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White beets are generally round to conical roots, averaging 5 to 12 centimeters in diameter, but the appearance of the beet may vary depending on the specific variety and growing conditions. Attached to the root, there are also elongated, wavy leaf tops that are thick, crisp, and dark green, growing in a rosette pattern. The skin of the root is semi-rough, firm, and cream-colored, sometimes covered in scrapes, scars, and root hairs. Underneath the surface, the flesh is dense, crunchy, and white with faint concentric rings. White beets, when cooked, develop a soft and tender consistency with a mild, subtly sweet, and neutral flavor.
White beets are available year-round.
White beets, botanically classified as Beta vulgaris, are edible roots that belong to the Amaranthaceae family. There are many different varieties generally labeled as White beets in local markets, and the pale roots are considered to be some of the rarer beet cultivars, often overshadowed by their red, striped, and orange counterparts. White beets are most famously known for sugar beets, which is one White beet variety that is globally used for the commercial production of sugar. Beyond sugar beets, other varieties of White beets are increasing in popularity among home gardeners for their mild flavor as the pale roots lack the typical earthy, dirt flavor associated with red beet cultivars. Some of the well-known White beet varieties include White Detroit, Albino, Avalanche, and Blankoma. White beets can be found in baby sizes and are also grown to maturity for use in both raw and cooked culinary applications.
White beets are a good source of fiber, which can help stimulate digestion and also contain some vitamin C, manganese, folate, potassium, and magnesium. In addition to the roots, the leafy green tops provide vitamins A and C, which are antioxidants that can boost the immune system, increase collagen production, and help reduce vision degeneration. They also contain some copper, iron, magnesium, and calcium.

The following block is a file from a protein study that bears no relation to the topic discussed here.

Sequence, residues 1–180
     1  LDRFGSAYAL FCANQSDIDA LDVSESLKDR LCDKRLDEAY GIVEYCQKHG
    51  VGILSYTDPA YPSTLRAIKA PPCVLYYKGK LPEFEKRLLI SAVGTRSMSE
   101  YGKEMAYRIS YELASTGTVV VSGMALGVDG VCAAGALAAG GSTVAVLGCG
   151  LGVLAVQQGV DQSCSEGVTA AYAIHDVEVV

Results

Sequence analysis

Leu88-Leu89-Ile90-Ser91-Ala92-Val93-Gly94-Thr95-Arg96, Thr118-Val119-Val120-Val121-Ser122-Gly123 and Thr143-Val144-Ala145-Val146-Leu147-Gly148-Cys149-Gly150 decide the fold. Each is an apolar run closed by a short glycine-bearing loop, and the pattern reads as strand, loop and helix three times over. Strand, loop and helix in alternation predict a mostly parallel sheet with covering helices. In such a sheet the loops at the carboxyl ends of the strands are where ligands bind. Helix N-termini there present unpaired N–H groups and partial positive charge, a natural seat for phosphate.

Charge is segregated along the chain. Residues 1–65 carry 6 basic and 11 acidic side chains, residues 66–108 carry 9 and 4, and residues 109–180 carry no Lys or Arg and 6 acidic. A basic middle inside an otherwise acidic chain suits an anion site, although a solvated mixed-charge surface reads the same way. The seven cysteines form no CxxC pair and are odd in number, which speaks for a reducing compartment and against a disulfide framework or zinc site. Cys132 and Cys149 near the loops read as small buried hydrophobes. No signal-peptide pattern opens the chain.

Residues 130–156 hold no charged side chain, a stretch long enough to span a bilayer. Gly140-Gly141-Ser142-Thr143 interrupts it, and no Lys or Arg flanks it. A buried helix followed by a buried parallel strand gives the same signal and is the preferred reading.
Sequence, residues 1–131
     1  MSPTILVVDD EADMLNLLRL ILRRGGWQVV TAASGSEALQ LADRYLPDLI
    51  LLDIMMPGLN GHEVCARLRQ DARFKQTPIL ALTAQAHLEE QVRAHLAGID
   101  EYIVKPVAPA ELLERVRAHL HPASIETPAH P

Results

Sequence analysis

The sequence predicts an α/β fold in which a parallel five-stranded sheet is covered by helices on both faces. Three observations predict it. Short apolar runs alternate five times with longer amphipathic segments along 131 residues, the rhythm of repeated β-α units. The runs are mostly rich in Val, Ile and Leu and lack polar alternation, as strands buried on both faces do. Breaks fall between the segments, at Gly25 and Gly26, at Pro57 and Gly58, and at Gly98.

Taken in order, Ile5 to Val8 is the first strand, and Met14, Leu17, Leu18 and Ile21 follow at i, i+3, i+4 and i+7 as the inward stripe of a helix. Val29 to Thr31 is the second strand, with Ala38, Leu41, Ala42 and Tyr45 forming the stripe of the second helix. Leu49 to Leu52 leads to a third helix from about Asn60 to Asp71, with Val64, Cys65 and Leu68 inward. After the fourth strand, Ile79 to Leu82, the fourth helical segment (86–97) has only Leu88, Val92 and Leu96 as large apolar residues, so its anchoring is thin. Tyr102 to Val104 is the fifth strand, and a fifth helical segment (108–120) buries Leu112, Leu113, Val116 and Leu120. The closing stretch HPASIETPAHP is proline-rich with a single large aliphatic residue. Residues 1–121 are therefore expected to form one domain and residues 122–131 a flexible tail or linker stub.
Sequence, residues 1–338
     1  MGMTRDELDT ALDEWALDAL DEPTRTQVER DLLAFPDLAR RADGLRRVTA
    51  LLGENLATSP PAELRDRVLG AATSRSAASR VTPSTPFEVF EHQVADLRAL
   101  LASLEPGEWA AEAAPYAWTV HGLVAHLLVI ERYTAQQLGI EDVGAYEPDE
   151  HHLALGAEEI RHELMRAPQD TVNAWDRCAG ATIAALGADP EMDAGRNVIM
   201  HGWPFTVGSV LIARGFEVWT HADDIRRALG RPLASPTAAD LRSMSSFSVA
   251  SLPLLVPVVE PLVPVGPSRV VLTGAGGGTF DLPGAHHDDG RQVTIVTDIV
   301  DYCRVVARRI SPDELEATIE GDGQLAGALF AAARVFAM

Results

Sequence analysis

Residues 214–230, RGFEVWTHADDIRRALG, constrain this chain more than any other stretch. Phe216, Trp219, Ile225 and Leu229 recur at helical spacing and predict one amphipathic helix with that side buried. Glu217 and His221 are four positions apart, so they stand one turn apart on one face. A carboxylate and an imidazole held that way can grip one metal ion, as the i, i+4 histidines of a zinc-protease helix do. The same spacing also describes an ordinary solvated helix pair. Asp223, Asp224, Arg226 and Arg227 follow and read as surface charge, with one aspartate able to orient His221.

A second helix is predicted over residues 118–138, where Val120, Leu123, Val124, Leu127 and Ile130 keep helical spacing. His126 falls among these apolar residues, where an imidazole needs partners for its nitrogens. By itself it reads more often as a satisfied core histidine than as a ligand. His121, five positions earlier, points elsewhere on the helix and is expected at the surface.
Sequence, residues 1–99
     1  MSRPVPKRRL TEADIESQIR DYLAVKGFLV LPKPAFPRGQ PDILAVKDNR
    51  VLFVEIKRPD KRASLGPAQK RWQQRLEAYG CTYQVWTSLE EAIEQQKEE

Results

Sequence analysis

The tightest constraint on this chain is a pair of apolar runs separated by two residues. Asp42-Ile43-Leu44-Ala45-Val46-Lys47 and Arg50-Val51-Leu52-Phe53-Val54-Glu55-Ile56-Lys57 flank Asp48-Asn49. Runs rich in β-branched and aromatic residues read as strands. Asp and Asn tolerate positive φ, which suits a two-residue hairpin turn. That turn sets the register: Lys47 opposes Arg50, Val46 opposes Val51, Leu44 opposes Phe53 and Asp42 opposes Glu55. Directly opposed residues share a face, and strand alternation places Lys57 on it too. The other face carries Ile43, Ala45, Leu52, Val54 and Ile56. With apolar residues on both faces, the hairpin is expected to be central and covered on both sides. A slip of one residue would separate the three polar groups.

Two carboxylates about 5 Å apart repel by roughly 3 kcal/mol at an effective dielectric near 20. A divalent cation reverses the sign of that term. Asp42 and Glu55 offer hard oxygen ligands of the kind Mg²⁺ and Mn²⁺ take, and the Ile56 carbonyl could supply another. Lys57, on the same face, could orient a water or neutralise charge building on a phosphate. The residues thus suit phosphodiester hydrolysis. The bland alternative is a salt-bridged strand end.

White beets are best suited for both raw and cooked applications such as roasting, boiling, steaming, and baking. The skin should be peeled and discarded before consumption, and once cleaned, the flesh can be finely grated into salads as a crisp ingredient or pressed into juice. White beets can also be steamed and quartered into winter green salads and potato salads, boiled into soups, cooked into risotto, or roasted with bitter root vegetables for a sweet and savory side dish. In the Netherlands, a cold salad known as koude schotel is traditionally made with ingredients such as red or White beets, apples, cheese, pickles, meat, or potatoes to create a sweet and tangy dish. Some varieties of White beets can also be cooked and pressed to make syrups and sugar, or they can be pickled for extended use. In addition to the roots, the green tops of the beets can be washed and lightly sautéed as a side dish. White beets pair well with herbs such as tarragon, parsley, mint, and dill, cheeses such as parmesan, goat, and gruyere, almonds, apples, grapefruit, potatoes, pine nuts, and yogurt. The roots will keep 1-2 weeks when stored whole and unwashed in the crisper drawer of the refrigerator.
White beets lack betalain, which are the pigments found in the flesh that give other beet varieties their red, orange, and yellow hues. These pigments act as antioxidants, but they also contribute to the beet’s polarizing, earthy, and semi-bitter flavor. Since White beets do not contain these earthy flavors, they are heavily marketed in the United States for their mild and sweet taste to attract consumers who usually dislike the flavor of other beet cultivars. The roots are also promoted for their lack of staining pigments in their juice, which other beet varieties normally possess. One variety of White beet, the Avalanche, was notably recognized for its mild flavor and won the All-American Selection Edible Vegetable award in 2015. All-American winners are selected by a panel of expert judges who extensively test selections for flavor, quality, and superior growth characteristics.
White beets are believed to be native to Europe and have been cultivated since ancient times. While the exact origins of White beets are unknown, the plant was initially consumed for its leafy green tops, and the roots were discarded and used as animal feed. Consumption of the mild-flavored roots became popular during the 1800s, and with the discovery of the beet's high sugar content, White beets became an important commodity within agricultural trade for sugar creation. Today White beets are rare to find in fresh markets as they are primarily grown for commercial processing around the world. Some White beet varieties can be found through local farmer’s markets in Europe, the United States, South America, Australia, and Africa, and the seeds of White beet cultivars are also sold through online seed catalogs for home garden use.